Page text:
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Old 22 April 2009, 15:54   #1
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Got the horn but can't do anything about it.

My horn is blowing fuses everytime I wire it up. I admit to being a numpty with electronics but positive from the horn onto one terminal on the button, positive on the other terminal to it's own fuse on the fuse box. Negative off the horn to the negative on the fuse box.
Were am I going wrong?
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Old 22 April 2009, 16:39   #2
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Wiring sounds right.
Maybe the horn's knackered, or there could be a short in the wiring?
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Old 22 April 2009, 16:48   #3
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Wiring sounds right.
Maybe the horn's knackered, or there could be a short in the wiring?
That's the only thing I can think of. Wanted to check I had the wiring right first. What amp fuse would you say? Been using a 10amp
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Old 22 April 2009, 16:53   #4
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That's the only thing I can think of. Wanted to check I had the wiring right first. What amp fuse would you say? Been using a 10amp
Hello there you should use ohms law to work that out,hope that helps
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Old 22 April 2009, 16:54   #5
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Hello there you should use ohms law to work that out,hope that helps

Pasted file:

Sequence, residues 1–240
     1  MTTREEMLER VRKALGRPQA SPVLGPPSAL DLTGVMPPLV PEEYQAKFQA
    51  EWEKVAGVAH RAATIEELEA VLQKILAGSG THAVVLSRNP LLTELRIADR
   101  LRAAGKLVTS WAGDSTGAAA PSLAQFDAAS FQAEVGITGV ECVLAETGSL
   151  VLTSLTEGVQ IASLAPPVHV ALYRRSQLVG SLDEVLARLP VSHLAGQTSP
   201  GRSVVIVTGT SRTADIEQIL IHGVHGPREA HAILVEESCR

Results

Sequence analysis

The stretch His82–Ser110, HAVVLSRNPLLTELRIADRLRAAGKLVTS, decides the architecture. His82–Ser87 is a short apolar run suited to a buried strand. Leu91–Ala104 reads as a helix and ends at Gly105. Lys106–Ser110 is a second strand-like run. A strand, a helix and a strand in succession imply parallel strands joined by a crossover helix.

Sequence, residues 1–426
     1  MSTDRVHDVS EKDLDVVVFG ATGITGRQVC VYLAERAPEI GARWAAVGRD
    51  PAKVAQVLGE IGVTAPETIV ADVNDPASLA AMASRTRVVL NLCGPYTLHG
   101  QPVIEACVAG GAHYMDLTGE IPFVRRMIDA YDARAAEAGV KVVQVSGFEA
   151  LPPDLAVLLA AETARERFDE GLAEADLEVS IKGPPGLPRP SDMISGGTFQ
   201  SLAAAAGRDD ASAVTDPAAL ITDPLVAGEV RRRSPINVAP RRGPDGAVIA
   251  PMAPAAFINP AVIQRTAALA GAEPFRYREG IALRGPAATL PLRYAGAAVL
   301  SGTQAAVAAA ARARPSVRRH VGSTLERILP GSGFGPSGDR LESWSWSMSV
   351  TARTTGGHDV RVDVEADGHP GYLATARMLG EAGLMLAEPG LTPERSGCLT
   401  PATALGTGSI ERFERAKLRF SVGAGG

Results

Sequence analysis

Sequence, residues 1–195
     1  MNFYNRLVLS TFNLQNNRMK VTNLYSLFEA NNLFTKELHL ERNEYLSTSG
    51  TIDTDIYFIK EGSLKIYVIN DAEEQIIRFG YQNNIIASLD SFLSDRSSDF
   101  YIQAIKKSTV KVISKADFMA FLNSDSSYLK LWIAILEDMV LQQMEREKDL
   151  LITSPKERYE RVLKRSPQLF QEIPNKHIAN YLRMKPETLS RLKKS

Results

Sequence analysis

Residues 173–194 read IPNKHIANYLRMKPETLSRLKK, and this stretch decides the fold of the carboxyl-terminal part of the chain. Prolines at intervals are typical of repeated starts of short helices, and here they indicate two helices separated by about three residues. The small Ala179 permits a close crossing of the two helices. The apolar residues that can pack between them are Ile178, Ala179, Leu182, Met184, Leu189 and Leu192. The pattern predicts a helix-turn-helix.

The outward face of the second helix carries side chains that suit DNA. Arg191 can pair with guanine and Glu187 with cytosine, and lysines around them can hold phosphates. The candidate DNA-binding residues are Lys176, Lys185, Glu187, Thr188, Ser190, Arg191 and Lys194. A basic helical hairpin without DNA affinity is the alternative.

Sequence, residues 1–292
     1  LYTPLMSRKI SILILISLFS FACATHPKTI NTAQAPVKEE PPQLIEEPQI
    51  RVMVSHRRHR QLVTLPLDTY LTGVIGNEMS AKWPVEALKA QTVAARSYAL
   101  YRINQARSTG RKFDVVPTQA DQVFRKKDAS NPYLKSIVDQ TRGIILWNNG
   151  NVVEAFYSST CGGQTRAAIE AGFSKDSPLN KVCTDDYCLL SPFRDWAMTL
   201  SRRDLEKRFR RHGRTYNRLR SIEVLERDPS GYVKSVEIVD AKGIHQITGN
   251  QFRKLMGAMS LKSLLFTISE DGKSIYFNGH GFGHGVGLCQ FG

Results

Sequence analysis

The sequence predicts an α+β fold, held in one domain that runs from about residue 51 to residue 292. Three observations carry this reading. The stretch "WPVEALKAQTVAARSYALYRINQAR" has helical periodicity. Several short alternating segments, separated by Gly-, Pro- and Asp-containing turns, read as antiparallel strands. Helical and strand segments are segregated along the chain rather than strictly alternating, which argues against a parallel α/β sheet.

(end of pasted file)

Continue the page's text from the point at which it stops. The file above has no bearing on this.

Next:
Total Wiring dunce here Astra. Is ohm some kind of God?
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Old 22 April 2009, 17:19   #6
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Ohms law

Volts = Amps x Resistance (V=IxR)

His other useful one is

Watts = Amps x Volts (W=IxV)


eg. if you have a 10 watt bulb on a 12 volt circuit it will draw 1.2 Amps and the bulb has a resistance of 10 ohms

10/12=1.2 and 12/1.2=10

So on your horn, if you have a 10 amp fuse the resistance the horn when operating should be 1.2ohms

Provided your wiring can take it, stick a bigger fuse in and see what happens, maybe best not togo above 20 amps though. However, my guess is that your horn is knacked.
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Old 22 April 2009, 17:43   #7
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As my tutor taught me virgins are rare and what are virgins,once you have worked out that its easy well kinda anyway. my electrics are very poor but if you use ohms law then you cant go wrong.volts,amps,resistance and watts,amps,volts confusing? uuuuuuuuuuuuuuuummmmmmmmmmmmm yes
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Old 22 April 2009, 18:28   #8
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Thanks Astra and Geoffs. That's been copy and pasted for future ref.
Off to order a new horn as it must be shagged.
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Old 22 April 2009, 22:00   #9
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Ground wire to negative on horn. positive on horn to one side of switch, other end of switch to fuse, other end of fuse to 12V.

Make sure the fuse is appropriately rated (should be in the horn literature; max current is what you're looking for.)

Question: If you take 12V and momentarily connect it directly to the horn, does it sound? Or do the wires melt?

If the former, it's likely your wiring is somehow screwy. If the latter, you've got a shorted horn.

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Old 22 April 2009, 22:02   #10
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So on your horn, if you have a 10 amp fuse the resistance the horn when operating should be 1.2ohms
Except that many of the larger horns use an electric motor to run a pump for air. Can't do that trick with a motor (inductive loads don't play nice with ohmmeters.)

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